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In Israel, military service in the Israeli Defence Force (IDF) is mandatory. Unless an individual has a medical problem or is extremely religious - at 18-years-old, all citizens are drafted into the army. Boys serve for three years and girls, in most cases, serve for two years.


Israel is one of the only countries in the world which has mandatory service for women. Historically, women assisted the fighting men and did not serve on the frontier, but over the years, women have fought to broaden the scope of the roles they can serve. Today, there are women in the Israeli army who are pilots, who train paratroopers and who hold executive positions. They serve alongside the many women who still hold desk jobs.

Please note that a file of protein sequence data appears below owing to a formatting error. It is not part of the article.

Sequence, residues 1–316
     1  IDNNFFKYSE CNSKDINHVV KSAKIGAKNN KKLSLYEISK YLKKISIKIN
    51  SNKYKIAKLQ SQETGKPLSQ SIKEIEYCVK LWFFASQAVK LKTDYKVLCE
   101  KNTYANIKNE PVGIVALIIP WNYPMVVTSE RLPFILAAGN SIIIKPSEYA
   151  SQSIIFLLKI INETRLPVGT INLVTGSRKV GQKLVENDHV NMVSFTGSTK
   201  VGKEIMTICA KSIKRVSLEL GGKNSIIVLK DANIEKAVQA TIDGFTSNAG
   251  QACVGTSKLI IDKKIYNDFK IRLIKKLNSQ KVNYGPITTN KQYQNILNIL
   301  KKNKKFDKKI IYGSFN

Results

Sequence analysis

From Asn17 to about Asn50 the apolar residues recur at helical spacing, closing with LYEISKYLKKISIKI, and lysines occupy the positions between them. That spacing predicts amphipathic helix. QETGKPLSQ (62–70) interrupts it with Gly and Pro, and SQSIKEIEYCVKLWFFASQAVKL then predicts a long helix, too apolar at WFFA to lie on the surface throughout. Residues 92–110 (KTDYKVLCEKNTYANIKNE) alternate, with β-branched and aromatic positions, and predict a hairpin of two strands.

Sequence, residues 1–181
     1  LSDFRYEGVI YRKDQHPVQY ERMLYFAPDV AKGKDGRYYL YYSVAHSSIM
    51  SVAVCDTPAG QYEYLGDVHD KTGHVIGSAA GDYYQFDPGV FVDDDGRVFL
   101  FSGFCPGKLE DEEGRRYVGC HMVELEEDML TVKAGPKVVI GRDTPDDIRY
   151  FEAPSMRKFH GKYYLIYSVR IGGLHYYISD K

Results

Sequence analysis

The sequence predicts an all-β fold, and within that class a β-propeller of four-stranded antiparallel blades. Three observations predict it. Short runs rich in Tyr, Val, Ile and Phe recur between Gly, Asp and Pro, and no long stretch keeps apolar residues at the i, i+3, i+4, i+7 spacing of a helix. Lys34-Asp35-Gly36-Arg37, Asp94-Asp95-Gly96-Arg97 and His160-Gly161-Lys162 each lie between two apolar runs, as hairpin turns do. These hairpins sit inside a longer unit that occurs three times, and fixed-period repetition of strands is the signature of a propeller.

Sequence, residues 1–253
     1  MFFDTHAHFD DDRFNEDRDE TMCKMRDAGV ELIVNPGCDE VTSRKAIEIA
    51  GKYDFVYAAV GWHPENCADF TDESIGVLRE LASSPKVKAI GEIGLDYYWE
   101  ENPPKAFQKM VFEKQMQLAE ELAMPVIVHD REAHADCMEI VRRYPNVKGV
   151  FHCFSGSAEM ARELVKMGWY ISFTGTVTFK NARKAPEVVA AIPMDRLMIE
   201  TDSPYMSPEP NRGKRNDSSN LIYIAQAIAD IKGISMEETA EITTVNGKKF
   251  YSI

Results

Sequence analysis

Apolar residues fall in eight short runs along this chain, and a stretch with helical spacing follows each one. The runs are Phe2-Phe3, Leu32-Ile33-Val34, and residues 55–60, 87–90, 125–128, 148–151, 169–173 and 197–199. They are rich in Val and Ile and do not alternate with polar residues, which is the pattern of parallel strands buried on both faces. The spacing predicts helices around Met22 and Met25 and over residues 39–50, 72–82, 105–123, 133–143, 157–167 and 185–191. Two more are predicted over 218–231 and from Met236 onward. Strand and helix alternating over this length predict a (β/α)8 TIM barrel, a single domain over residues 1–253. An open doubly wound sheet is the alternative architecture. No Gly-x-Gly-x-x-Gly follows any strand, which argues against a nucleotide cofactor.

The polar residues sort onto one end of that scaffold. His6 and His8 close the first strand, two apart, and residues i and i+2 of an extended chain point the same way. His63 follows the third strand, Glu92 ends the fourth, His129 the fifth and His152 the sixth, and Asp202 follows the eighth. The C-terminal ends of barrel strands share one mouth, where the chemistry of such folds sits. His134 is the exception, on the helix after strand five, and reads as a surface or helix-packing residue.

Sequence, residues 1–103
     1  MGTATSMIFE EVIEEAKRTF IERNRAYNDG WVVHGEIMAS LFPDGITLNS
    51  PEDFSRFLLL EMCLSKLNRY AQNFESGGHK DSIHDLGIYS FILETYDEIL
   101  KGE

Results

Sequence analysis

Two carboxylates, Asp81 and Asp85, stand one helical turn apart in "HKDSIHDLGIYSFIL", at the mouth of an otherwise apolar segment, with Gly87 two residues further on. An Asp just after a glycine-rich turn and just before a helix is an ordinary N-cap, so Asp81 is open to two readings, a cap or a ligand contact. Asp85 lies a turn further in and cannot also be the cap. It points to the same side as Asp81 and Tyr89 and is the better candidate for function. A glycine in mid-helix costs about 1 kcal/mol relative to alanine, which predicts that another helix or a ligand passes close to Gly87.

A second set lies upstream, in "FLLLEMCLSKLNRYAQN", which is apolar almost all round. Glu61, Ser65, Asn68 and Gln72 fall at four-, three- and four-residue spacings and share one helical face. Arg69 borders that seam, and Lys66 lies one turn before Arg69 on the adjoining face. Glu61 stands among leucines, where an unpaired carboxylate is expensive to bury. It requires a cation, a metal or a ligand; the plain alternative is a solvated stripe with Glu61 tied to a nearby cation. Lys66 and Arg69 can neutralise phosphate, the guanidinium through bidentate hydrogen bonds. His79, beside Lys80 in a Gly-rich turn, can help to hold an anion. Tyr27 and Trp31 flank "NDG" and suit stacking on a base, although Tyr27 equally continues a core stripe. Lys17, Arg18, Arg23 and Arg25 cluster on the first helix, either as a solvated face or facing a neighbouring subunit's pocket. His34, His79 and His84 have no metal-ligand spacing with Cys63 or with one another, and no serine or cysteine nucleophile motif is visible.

Since everyone is drafted into the army at 18-years-old, the IDF is often referred to as "the army of the nation" and as a melting pot of the Israeli society. Friendships are formed between people who otherwise probably wouldn't have met. Soldiers serving in the same unit come from vastly different backgrounds and often with different levels of commitment to their service, as it is mandatory and not a choice.


Unlike armies in large countries, where soldiers do not see their families for months, in Israel most soldiers go home more than once a month, and a significant percentage even live at home and commute to their bases daily.

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